Though it is the third series in the franchise, Stargate Universe (SGU) requires no base knowledge of the series; it's Stargate for those who didn't watch the theatrical film, any of the 10 seasons of Stargate SG1 or any of the five seasons of Stargate Atlantis. Characters from the older series may appear on occasion, but they are not the focal point, and those unfamiliar with SGU's antecedents won't be worse off for not recognizing the characters as "the legendary so-and-so."
The basic premise of the series, despite the show being a science fiction endeavor, is really quite simple – through no fault of their own, a motley group of individuals finds themselves stranded and doing their best to get home. Their surroundings are odd and sometimes unintelligible, and as they attempt to get home they must also establish the basic workings of a society. That same summary could be used to discuss any number of books, films, and television shows and works well as a basis for SGU – the fears and concerns of the characters are ones we can all understand, ones that many of us have felt to a greater or lesser degree over the course of our own lives.
It is the facts of the situation, not the premise, where the science fiction lies (as with most good science fiction). The scientists, military men, politicians, and others end up so far away from home because they were on a different planet trying to use this thing called a "Stargate" and ended up getting attacked by other aliens. They stepped through the Stargate and found themselves on an alien ship, the Destiny, somewhere else in the universe. The ship was built by a race of folks known as the Ancients and has been wandering the galaxy following a pre-programmed route for an incredibly extended period of time. Oh yes, and the humans who find themselves on board Destiny can neither access the entirety of the ship nor really control it.
The first part of season one, the part now available on DVD, follows the now crew of Destiny as they learn about their surroundings, attempt to find a way back home, and provide for their basic needs (stuff like food, water, and air). It is a setup that works very well in the short term, but at the same time makes one wonder exactly where the series will head down the line. It is great to watch the crew find their footings and learn how to perform the basic things they need to do to survive, but the show can't stay at that point for long because while the life-sustaining basics are important, they tend to not be televisual drama-sustaining. Where exactly the show will go once they move on from the basics is somewhat more up in the air, but as of this moment it certainly feels very Star Trek: Voyager, a series which revolved around a ship making the long journey home. It will certainly be different having the idea played out in the Stargate universe instead of the Star Trek one, but it is still – on the face of it – an awfully similar notion.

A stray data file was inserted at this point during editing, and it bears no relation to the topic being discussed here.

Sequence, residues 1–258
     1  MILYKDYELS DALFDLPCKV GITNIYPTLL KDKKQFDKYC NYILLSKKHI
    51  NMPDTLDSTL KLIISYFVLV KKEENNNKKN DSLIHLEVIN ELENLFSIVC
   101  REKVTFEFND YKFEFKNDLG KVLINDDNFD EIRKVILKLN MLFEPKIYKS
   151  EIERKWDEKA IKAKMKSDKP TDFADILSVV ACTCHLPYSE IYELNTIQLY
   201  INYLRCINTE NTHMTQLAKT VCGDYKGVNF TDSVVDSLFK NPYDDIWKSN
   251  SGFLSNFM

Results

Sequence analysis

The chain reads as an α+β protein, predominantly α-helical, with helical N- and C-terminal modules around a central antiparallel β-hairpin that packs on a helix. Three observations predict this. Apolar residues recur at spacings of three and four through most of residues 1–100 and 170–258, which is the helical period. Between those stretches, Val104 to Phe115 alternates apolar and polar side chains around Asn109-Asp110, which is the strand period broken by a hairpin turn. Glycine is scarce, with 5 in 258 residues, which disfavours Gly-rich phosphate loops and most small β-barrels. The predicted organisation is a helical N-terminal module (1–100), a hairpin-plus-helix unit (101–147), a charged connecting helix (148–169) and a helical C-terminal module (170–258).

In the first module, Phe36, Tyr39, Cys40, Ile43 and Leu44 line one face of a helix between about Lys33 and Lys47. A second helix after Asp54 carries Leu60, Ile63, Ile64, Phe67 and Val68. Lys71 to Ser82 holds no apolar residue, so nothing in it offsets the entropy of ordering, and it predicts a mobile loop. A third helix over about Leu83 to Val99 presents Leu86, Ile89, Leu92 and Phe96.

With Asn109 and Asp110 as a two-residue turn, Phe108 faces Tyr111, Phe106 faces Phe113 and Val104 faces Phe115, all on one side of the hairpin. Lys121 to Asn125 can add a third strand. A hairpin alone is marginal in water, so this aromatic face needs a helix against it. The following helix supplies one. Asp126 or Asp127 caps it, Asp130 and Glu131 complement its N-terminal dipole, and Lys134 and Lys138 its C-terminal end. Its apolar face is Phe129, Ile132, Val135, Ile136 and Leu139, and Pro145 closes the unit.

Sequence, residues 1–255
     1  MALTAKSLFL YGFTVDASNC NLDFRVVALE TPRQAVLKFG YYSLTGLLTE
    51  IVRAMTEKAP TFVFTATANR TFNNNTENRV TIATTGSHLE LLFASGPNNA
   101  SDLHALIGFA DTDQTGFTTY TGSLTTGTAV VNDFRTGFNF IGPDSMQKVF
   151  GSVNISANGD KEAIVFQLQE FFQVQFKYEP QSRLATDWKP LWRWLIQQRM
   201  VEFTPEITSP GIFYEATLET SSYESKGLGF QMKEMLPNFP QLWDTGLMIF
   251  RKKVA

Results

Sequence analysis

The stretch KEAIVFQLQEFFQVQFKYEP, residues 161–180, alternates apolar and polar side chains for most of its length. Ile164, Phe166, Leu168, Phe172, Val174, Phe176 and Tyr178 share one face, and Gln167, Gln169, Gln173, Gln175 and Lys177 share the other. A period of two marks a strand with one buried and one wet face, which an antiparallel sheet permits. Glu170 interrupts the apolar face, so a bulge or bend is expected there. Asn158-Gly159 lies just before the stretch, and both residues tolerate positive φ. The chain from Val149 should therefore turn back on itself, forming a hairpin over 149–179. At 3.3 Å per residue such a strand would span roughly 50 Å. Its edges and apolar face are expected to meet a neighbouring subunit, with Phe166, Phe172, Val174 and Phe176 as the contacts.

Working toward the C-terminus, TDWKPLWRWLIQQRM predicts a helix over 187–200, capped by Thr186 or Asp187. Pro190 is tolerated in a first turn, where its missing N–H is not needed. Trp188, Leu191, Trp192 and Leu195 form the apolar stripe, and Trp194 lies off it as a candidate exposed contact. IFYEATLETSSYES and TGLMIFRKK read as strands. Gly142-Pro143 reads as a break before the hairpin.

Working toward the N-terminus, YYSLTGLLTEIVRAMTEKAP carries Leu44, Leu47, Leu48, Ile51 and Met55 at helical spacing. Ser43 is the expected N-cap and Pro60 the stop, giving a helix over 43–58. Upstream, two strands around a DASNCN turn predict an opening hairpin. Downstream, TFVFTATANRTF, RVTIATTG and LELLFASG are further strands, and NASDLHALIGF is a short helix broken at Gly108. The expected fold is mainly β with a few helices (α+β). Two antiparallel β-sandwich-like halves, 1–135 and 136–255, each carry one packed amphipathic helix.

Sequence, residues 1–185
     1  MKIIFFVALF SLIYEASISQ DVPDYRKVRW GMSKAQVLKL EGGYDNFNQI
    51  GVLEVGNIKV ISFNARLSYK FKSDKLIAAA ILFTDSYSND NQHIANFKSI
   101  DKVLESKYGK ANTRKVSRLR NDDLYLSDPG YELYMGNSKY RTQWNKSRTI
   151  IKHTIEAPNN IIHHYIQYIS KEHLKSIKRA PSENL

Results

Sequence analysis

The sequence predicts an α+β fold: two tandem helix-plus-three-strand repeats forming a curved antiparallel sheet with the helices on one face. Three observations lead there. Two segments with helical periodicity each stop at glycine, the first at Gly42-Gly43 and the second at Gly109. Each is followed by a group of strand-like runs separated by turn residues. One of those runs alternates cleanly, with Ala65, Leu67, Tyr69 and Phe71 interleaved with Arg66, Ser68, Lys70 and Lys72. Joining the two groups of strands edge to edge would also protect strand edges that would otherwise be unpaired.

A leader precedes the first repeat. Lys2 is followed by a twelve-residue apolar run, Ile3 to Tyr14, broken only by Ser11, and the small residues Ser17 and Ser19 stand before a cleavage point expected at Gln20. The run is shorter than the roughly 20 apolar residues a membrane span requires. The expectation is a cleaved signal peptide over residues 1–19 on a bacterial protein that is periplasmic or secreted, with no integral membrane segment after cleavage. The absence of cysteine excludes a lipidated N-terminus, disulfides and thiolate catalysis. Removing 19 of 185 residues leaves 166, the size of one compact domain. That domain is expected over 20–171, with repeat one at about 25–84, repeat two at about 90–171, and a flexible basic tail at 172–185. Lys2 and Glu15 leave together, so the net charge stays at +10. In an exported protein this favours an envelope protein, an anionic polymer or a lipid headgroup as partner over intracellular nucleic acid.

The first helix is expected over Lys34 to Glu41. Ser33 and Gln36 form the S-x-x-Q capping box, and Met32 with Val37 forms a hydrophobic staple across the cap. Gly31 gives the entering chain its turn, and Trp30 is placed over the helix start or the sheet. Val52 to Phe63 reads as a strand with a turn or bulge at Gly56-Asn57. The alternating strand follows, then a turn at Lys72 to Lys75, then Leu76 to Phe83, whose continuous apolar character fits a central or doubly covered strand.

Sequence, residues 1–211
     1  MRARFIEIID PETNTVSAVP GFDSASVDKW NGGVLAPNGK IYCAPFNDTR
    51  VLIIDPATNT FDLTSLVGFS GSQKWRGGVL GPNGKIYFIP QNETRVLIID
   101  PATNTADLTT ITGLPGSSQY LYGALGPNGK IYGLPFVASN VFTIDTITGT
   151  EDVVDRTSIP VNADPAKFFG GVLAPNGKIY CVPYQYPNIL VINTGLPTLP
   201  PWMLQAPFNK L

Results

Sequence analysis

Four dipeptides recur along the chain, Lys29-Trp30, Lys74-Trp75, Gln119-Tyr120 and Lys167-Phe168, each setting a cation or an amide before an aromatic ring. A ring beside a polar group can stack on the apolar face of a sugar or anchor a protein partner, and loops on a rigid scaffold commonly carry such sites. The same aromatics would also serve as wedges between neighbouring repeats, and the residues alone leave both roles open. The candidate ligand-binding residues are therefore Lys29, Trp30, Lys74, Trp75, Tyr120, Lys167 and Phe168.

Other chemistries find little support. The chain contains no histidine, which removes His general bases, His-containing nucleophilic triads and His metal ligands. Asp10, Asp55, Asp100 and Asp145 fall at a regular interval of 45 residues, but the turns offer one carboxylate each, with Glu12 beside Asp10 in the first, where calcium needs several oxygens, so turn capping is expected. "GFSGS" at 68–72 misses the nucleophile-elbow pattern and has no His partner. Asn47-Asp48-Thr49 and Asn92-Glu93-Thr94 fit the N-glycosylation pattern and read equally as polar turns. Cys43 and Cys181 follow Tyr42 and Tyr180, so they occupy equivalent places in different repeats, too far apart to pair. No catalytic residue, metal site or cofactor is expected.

Outside of the question of technology and background, one of the most obvious ways this series is different from Voyager is in its characters, and not just because no one here is wearing a Starfleet uniform. The most interesting of the characters at this point is Eli Wallace (David Blue). He is the fish-out-of-water at the center of the story and is said fish even before the folks find themselves on Destiny. He even gets to watch a little Stargate primer which will help those who do want some basic knowledge of the world the show takes place in. Wallace is a goofy, nerdy, young scientist, someone totally unprepared to have stepped out of his mother's basement much less be aboard a starship wandering about through the galaxy. Blue, who was great in a recurring role on Ugly Betty, again shows here just how compelling – how watchable – an actor he can be.
While Blue gets many of the lighter moments, there are certainly heavier moments that take place as well, and the rest of the cast, led by Robert Carlyle, is certainly up to it. Carlyle plays Nicholas Rush, the mad scientist with a past. Carlyle identifies himself on the DVDs as not having been a massive fan of science fiction prior to taking this role, but rather a fan of drama. Rush, with his secretive motivations, and the show with its unquestionably dark feel, is certainly dramatic.
The rest of the cast – which is somewhat large for a show that features people alone on a grossly undermanned ship – is full of recognizable names and faces including Lou Diamond Phillips, Ming-Na, and Louis Ferreira. For what is really a character-based drama, the cast all certainly make the most of every opportunity they get to play out emotions and scenarios.
The DVD release of Stargate Universe 1.0 contains both a regular and extended version of the pilot, commentary tracks for every episode, interviews with the cast, the aforementioned primer on the Stargate universe (for SG-1 fans, it is hosted by Dr. Daniel Jackson), and Kino (a little flying device with a camera and microphone that is used extensively in the series) video diaries which provide added insight into some of the characters.
The first 10 episodes of Stargate Universe, the episodes included in this set, give viewers the opportunity to get in on the ground floor of what could be a very long and fruitful journey. While one can't guess where exactly the show will head from here and what sort of new dangers lurk around the corner, as currently established, Stargate Universe is exciting, emotional, and a journey the audience will greatly enjoy even if the crew of Destiny doesn't.